WASHINGTON--A disabled Soviet nuclear submarine sank east of Bermuda before dawn yesteday, the Pentagon announced. Sources said all the crew were "presumed" to have escaped.
A Pentagon spokesman, Col. Marvin Braman, said survivors were seen being picked up by Soviet merchant ships, one of which had been towing the Yankee-class sub.
Two officials, who demanded anonymity, said that fewer than 24 men were believed left on board for the towing operation and that life rafts were seen moving toward a merchant ship before the sub finally slipped beneath the surface three days after it was wracked by fire and an explosion.
"It is presumed that everybody got off, but we don't know for sure," said one source. "They certainly had enough time to get off, because this boat was clearly slipping lower in the water more than three hours before it went under."
The sub sank in 18,000 feet of water 1040 nautical miles east of Cape Hatteras, N.C., at 4 a.m., EDT, Braman said, almost four hours after the towing ceased and the submarine was seen to be taking on water.
There was no immediate word on casualties from the sinking. One official said earlier, however, that many of the sub's crew had been evacuated to nearby Soviet merchant ships. The sub normally carries about 120 people.
In Moscow, a spokesman for the Foreign Ministry said he had "no information at all about those reports" of the sinking.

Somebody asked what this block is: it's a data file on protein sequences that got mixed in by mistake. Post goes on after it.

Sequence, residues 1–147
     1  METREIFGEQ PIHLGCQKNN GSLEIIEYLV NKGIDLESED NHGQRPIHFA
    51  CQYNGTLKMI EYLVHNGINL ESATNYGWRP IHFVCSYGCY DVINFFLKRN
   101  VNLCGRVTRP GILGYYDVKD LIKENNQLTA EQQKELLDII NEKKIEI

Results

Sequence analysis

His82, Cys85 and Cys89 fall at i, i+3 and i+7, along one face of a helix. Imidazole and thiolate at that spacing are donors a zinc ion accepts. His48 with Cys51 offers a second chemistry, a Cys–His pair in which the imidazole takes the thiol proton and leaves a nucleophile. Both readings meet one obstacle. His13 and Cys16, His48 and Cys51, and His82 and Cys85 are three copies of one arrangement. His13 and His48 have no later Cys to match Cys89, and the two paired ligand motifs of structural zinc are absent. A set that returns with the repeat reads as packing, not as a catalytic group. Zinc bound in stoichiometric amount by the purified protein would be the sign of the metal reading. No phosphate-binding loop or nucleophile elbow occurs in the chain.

Braman said a Navy P3-C patrol plane reported the sinking more than 500 miles north of Bermuda and 80 miles from the point where Friday's fire and explosion killed three men.
Braman noted that the sub had encountered rough seas as it was being towed through the Atlantic.
He added that "a reasonably prudent individual would have to assume that [with] the kind of damage that was shown in the photos, ...you're going to be taking on some water."
One source had noted that the submarine, designed to carry 16 nuclear-tipped missiles, had apparently sustained damage to its hull and possibly one missile tube hatch cover.
Beyond that, the Pentagon had no immediate explanation of why the submarine sank.
The sources also declined to say whether the United States had been able to monitor the status of the sub's two nuclear reactors as the vessel sank.
But a retired U.S. Navy officer, who commanded the nuclear-powered submarine Polaris, said officials had studied such a "worstcase scenario" and concluded there would be "no danger from this."
James Bush, a retired captain and now associate director of the Center for Defense Information, a private Pentagon watchdog group, said any radioactivity from the nuclear reactors would be diluted by the sea.